If there’s one Belgian who knows how aliens might look, it’s Angelo Vermeulen. In 2013, the 47-year-old Belgian was the only European selected by NASA for an ambitious project to prepare interstellar trips. During four months he and five others stayed in Hawaii in an environment that had to imitate life on Mars.
Not that the Belgian Buzz Lightyear had been trained to become an astronaut. On the contrary: Vermeulen studied photography and then obtained a PhD in biology. Soon he started to explore the boundaries between art and science by creating installations with intriguing names like 'Seeker' and 'Biomodd'.
The latter connects plants with computers. For example, the residual heat from the computers is used to grow a plant-based ecosystem, while the algae cool the processors.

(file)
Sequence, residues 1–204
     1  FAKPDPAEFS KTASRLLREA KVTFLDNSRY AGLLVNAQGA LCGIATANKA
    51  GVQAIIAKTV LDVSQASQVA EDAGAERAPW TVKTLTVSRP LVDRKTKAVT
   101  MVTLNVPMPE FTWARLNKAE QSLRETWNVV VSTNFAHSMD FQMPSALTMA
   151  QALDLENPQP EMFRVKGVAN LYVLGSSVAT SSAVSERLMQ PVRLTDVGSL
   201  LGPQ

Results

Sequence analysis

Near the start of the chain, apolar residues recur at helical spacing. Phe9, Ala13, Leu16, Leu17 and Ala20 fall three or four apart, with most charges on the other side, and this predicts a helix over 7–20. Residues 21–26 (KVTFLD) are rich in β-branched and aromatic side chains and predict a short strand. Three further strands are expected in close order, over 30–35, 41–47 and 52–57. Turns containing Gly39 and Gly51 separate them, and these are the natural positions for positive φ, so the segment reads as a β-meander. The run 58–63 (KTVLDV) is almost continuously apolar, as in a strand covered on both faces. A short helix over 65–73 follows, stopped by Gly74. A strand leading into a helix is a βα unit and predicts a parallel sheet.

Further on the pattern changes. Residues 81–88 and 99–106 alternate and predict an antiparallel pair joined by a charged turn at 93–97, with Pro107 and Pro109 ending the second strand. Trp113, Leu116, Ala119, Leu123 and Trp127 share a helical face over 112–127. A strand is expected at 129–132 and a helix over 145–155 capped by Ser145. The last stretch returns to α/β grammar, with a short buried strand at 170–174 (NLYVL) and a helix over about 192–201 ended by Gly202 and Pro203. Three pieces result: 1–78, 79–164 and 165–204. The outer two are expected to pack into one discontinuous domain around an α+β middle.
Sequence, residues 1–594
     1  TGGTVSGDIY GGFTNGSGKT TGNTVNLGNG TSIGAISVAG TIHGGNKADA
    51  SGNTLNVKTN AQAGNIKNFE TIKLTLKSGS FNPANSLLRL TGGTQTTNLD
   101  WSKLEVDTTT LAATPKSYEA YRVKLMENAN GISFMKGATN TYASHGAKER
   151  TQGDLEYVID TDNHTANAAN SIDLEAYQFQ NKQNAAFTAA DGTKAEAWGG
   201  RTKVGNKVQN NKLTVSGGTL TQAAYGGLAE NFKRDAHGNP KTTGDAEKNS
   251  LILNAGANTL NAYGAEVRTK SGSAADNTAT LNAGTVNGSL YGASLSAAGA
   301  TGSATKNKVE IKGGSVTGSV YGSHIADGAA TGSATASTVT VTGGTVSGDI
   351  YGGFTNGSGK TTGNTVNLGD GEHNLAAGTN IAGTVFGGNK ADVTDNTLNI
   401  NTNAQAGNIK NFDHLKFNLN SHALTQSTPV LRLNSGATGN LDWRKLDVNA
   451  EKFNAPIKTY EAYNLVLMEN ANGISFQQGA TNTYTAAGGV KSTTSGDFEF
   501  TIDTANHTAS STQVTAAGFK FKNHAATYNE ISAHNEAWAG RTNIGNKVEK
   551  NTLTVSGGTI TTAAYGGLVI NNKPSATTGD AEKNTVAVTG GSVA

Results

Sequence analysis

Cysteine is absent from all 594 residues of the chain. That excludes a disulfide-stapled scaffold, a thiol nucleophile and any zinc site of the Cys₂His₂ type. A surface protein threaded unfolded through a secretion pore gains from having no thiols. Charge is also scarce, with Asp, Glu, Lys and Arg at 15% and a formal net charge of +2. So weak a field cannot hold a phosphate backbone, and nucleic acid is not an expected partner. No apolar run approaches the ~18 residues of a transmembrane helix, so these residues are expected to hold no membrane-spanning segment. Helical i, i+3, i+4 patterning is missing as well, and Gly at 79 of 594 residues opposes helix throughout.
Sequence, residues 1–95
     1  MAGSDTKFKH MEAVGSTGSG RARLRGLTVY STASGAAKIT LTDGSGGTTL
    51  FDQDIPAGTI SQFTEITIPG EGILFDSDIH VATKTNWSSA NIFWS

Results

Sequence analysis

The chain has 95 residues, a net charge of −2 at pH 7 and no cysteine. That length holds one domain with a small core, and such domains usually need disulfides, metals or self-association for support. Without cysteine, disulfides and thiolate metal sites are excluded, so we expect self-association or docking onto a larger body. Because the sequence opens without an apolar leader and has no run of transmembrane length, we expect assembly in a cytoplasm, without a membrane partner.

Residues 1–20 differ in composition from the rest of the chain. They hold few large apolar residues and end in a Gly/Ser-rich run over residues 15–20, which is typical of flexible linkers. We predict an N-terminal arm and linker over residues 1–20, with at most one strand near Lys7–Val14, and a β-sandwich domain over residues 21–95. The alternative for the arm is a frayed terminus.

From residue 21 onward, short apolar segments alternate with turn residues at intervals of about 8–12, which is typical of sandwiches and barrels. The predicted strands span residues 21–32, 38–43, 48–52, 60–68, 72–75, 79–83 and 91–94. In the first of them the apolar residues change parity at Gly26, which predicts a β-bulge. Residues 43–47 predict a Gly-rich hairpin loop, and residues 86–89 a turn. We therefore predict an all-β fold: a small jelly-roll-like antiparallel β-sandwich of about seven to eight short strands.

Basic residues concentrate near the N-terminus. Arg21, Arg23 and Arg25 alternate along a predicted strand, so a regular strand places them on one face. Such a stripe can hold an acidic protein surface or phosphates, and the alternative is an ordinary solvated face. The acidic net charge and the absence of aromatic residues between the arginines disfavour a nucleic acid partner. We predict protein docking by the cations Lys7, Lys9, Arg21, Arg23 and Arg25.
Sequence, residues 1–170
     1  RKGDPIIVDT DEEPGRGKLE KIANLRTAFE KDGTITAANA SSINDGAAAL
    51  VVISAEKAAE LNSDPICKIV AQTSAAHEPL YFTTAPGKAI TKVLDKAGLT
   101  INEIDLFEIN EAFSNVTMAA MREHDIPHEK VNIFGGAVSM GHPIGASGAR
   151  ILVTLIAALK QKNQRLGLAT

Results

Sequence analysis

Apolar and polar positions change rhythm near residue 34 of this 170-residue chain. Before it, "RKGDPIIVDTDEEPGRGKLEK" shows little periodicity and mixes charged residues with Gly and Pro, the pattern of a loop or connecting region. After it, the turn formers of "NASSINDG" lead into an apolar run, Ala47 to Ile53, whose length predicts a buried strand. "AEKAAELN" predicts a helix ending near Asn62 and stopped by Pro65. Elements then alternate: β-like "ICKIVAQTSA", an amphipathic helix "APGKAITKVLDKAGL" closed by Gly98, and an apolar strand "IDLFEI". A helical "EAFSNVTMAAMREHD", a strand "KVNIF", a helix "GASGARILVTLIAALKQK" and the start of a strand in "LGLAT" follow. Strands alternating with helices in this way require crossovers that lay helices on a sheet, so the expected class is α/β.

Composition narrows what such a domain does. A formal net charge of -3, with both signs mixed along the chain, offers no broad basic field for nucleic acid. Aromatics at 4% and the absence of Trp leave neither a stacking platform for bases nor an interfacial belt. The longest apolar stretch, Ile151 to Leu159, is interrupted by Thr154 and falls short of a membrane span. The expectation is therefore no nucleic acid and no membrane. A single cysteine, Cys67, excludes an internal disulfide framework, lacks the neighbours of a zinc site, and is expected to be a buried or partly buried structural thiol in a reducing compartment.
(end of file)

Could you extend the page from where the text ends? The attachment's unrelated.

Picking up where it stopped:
To infinity and beyond
Thanks to this project, Vermeulen grabbed the attention of ESA, the European space program. Just like him, they want to develop closed ecosystems that ensure the recuperation of raw materials that would otherwise be lost.
Around this period, NASA launched a call for a project in the Hawaii Space Exploration Analog and Simulation. On the island, the team led by Vermeulen checked, among other things, which eating patterns astronauts should have.
In the meantime, the Belgian also started another PhD - this time at Delft University of Technology. There he’s doing research into 'starship design'. Sounds futuristic? Hell yeah! Vermeulen has the ambition to travel beyond our solar system. Eat your heart out, Tuscany.
At Gears, our conference for and by developers on June 21st, Vermeulen will tell you everything about 'starship design'. Be inspired and travel to infinity and beyond!